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8 Habits That Could Help Manage Inflammation, Naturally

Lori Shemek, Ph.D.
Updated on May 31, 2021
Lori Shemek, Ph.D.
Certified Nutritional Consultant
By Lori Shemek, Ph.D.
Certified Nutritional Consultant
Lori Shemek, Ph.D. is a leading fat cell researcher and recognized authority on inflammation and its role in weight loss, preventing disease and optimizing health.
Inflammation-Fighting Pantry and Freezer Staples
Image by mbg Creative
May 31, 2021

Inflammation has developed a pretty bad reputation in the health and nutrition world. Because it's often deemed problematic, many people are surprised to discover that the body's inflammatory response is actually set up to heal, not harm—to an extent, that is.

Think of a swollen sprained ankle, a stinging cut finger, or a throbbing head cold. Inflammation makes its presence unmistakably known. This form of inflammation, called acute inflammation, is a beneficial and necessary part of our immune system.

When the body doesn’t heal, but continues to produce inflammatory compounds, that's when things become tricky. This type of inflammation is called chronic inflammation1, and it can lead to low energy levels, disease, and premature aging.

While it's important to speak to your doctor before making any major dietary or lifestyle changes, there are a few simple, and natural ways to manage inflammation daily.


Drink plenty of water.

Dehydration can negatively impact every organ2, including the brain, heart, bladder, and even the skin. According to research published in the BioMolecular Concepts journal, fluid imbalance may also lead to inflammation in the body.

Drinking an adequate amount of water promotes elimination (aka urine and digestion), which can aid in managing inflammation. Here: how much water you should really drink in a day.


Limit refined sugar.

Eating refined sugars, or added sugars, can increase insulin levels, spike blood sugar, and lead to inflammation3 in the body and brain. While comfort foods are OK every now and then, limiting sugar in your diet may help manage inflammatory responses and support the balance of healthy gut bacteria.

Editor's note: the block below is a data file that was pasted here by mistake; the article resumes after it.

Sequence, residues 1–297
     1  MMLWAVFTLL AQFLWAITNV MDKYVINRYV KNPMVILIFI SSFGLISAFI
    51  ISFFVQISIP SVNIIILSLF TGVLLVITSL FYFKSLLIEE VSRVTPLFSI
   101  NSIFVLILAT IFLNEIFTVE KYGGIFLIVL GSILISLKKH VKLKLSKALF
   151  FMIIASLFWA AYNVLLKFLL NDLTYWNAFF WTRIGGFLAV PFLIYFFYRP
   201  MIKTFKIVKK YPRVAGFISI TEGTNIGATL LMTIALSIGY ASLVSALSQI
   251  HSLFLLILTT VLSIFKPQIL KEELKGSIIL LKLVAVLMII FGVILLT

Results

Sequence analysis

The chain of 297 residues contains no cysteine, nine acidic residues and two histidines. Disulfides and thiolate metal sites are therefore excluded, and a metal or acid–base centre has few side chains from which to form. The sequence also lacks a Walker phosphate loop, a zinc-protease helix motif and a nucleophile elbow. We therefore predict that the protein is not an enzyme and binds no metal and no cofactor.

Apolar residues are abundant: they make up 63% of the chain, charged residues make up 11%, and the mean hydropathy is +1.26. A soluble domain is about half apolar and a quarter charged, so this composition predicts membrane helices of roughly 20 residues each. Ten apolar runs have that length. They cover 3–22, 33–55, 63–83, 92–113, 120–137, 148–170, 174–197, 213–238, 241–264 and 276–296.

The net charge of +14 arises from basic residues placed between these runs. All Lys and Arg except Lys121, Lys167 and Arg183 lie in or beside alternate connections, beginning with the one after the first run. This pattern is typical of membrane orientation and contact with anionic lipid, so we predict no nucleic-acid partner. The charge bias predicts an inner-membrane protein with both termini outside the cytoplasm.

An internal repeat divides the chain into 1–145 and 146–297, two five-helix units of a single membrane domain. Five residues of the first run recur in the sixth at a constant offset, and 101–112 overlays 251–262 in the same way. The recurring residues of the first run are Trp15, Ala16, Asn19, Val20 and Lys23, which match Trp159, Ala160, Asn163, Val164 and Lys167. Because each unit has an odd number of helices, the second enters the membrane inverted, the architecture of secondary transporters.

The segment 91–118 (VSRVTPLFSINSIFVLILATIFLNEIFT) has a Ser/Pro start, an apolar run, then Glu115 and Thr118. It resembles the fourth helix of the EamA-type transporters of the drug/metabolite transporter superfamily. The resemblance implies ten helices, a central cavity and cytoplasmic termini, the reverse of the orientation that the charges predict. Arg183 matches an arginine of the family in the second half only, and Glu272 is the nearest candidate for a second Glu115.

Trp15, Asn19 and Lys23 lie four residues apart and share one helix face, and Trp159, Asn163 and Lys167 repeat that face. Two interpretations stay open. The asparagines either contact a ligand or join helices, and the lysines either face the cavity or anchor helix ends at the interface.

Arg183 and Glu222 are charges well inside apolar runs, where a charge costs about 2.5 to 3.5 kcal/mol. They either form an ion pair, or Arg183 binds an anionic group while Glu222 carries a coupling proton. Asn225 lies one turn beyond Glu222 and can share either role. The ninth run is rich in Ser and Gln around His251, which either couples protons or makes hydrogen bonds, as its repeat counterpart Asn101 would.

Note: natural sugars, like those from fresh or dehydrated fruits, don't have the same kind of effect.

3. Eat plenty of fiber.

"Dietary fiber intake is associated with decreased oxidation of lipids, which in turn is associated with decreased inflammation," says a study published in The American Journal Of Clinical Nutrition4. Additionally, these plant-based compounds will help feed the microbes in your gut, leading to healthier digestion.

To add more fiber to your diet, opt for whole grains such as whole oats, brown rice, or quinoa, and eat plenty of high-fiber veggies and fruits.

4. Go for more probiotics.

Cultured or fermented foods, such as yogurt, sauerkraut, and kimchi, may create anti-inflammatory effects, according to a research review published in the journal Nutrients5. Since probiotic-rich foods support a healthy gut, they may also lead to improvements in mood and immune functioning. A triple-whammy.

If you're not getting enough probiotics through your nutrition, consider adding a daily probiotic supplement to your routine.

5. Fill your plate with leafy greens.

Dark leafy green vegetables (such as spinach, kale, broccoli, chard, and collards) are packed with antioxidants, which help manage inflammation. Plus, they're rich in fiber, vitamins, and minerals for a nutrient-dense base to salads, side dishes, or smoothies.

6. Don't forget your omega-3s.

Low levels of omega-3 fatty acids have been associated with high levels of depression and chronic inflammation.6 Adding these healthy fats to the diet, with wild salmon, sardines, walnuts, flax seeds, and avocado, may provide anti-inflammatory benefits and support mental health.

7. Choose healthy cooking oils.

Rather than using highly refined cooking oils, which are high in polyunsaturated fatty acids (PUFA), consider using nutrient-dense cooking fats, such as coconut oil, olive oil, or avocado oil. The latter three contain free-radical-fighting antioxidants, which help manage inflammation.

8. Incorporate exercise.

Exercise promotes healthy cellular function and may reduce markers for inflammation. Any type of daily movement—whether it's a brisk walk, a gentle yoga class, or a more intense cardio class—can have a long-term impact. Research shows that by maintaining a healthy weight, building muscle mass, and lowering stress levels, exercise can be anti-inflammatory and support longevity7.

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Lori Shemek, Ph.D. author page.
Lori Shemek, Ph.D.
Certified Nutritional Consultant

Lori Shemek, Ph.D. is a leading fat cell researcher and recognized authority on inflammation and its role in weight loss, preventing disease and optimizing health. Dr. Shemek is a Certified Nutritional Consultant and Certified Life Coach, and the creator and owner of DLSHealth Works, which helps men and women conquer their issues with weight and self-esteem. She is the nutrition expert for the Dallas Healthy Aging Institute and the NFL Houston Texans cheerleaders. She is the author of How to Fight Fatflammation: A Revolutionary 3-Week Program to Shrink the Body’s Fat Cells for Quick and Lasting Weight Loss (HarperOne; April 28, 2015).